Anonymous said...

Aghh, it's frustrating this is so common and people seem to think this is okay. You're right Bob - it's not cool at all. In September I wrote about "Race bandits stay on the sideline" on my blog. Keeping the topic to the forefront and getting people to talk about this might curb some of this.
Brenda B

Anonymous said...

I'll stir it up a bit and say that it's not that big of a deal Bob. If the person who runs under another bib/chip gets hurt that's their problem...this is America and people make their own decisions.
For the sake of argument, some people get injured, sick, etc...passing the bib along to another person in these cases should be alright, especially if a race like the Chicago marathon is sold point is unless you are competing for any of the top few spots in any race, have fun and stop being so serious...that's what running is supposed to conjure up...being synonymous with excitement and fun. If someone younger/faster wins an older age group by passing off a bib, I'm sure the times/results will be pretty skewed and the correct results will come to light. I don't think it's as big of a deal,in the big picture, as you are making it out to be. Think the Economy, Global Wars....don't worry about Joe who gave his bib to Jim who beat you at the Race to the Taste 5k in Chicago.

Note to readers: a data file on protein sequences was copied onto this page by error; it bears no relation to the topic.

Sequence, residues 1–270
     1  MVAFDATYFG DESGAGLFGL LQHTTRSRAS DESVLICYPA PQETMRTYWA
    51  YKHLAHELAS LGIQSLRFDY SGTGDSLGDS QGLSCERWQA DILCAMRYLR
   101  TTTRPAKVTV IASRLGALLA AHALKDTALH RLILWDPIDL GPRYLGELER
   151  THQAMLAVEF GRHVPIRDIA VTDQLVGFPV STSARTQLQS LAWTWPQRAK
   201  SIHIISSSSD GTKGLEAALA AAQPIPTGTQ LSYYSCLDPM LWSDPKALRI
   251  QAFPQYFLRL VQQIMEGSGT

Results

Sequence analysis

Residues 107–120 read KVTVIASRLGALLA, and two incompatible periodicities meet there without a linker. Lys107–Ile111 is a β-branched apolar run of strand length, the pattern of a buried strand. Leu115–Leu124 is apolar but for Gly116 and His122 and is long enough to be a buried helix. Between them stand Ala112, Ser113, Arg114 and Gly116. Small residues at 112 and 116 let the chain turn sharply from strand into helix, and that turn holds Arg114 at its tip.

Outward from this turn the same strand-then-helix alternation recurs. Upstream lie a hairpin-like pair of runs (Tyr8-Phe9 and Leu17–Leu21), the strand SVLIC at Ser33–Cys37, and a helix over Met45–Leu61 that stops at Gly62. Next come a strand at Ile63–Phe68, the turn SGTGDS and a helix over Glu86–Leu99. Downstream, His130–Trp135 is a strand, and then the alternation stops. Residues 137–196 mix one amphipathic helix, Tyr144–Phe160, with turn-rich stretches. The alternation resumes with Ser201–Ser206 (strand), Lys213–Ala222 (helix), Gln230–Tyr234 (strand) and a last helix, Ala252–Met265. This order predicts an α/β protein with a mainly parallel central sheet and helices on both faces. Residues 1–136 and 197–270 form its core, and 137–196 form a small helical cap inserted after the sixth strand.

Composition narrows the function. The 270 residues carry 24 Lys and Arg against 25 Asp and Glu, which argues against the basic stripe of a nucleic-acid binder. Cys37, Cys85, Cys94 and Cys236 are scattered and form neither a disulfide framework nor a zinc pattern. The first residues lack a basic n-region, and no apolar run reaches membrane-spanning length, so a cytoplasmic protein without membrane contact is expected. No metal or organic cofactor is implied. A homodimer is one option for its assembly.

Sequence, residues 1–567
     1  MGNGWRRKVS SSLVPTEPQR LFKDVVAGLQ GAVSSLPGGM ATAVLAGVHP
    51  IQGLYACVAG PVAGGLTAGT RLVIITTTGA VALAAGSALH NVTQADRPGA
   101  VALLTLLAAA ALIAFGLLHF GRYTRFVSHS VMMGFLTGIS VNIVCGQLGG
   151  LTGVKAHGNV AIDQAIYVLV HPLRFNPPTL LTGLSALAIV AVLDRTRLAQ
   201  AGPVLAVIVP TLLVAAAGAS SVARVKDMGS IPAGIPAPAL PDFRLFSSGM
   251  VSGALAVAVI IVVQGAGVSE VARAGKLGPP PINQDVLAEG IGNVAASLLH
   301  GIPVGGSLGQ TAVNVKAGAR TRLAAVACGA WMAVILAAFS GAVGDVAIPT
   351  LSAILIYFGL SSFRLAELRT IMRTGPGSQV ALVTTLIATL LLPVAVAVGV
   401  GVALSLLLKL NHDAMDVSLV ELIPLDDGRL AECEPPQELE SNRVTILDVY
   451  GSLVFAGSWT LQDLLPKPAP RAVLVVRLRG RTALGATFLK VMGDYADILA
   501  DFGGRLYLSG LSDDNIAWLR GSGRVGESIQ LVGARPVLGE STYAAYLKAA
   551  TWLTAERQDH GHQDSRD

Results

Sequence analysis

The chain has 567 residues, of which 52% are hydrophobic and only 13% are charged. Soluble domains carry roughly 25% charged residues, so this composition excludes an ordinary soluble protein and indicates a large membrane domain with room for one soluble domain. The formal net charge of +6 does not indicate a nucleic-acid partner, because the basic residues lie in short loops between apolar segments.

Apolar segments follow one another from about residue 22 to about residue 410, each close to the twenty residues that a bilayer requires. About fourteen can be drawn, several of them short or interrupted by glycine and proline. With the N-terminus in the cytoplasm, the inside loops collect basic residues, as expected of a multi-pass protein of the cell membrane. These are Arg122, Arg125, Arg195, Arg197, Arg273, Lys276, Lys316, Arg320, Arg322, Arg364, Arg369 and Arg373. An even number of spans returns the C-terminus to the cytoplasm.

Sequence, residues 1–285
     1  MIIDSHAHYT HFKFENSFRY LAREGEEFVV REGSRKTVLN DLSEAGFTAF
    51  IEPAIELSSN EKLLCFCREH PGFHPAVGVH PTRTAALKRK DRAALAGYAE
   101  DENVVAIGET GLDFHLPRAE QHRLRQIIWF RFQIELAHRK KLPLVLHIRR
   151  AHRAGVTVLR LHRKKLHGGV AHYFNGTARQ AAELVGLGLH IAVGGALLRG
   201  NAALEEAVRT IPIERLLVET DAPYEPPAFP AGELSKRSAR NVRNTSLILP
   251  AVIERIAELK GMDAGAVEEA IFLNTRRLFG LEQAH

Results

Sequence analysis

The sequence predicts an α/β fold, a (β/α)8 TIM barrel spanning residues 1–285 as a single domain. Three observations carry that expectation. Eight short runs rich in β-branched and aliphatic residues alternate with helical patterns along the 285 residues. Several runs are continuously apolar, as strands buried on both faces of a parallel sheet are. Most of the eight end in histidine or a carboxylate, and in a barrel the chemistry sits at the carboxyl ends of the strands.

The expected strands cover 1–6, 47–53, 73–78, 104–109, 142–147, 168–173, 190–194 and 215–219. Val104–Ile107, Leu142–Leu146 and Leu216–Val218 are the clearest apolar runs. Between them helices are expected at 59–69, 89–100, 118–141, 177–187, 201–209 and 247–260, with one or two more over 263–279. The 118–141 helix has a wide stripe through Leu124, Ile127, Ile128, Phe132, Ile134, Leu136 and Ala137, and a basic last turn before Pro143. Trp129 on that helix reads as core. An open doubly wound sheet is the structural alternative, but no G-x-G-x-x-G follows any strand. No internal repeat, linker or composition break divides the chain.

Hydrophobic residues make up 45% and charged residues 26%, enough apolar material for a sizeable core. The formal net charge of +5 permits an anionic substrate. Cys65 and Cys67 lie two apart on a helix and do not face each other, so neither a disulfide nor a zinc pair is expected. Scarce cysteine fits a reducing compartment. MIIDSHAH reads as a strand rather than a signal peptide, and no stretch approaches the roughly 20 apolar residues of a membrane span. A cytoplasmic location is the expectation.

ESE said...

To the anonymous poster that thinks running under someone else's name is ok: I am competing for top spots in most races I run! There are many of us who run both for competition and enjoyment. It's definitely not "fun and exciting" when someone uses another's chip and screws up the race results!

Anonymous said...


When "competing for top spots in most", I agree that it's not "fun and exciting" to deal with the results immediately following the race if a chip/bib were swapped. However, yourself or whoever is beat out of a higher position, will have a chance to protest the results and most likely win in an investigation. My advice, as someone who also competes for "top spots" in most races...Train harder and Race faster. These two in conjunction with some good rest will most definitely allow you the opportunity at least to make this issue a moot point.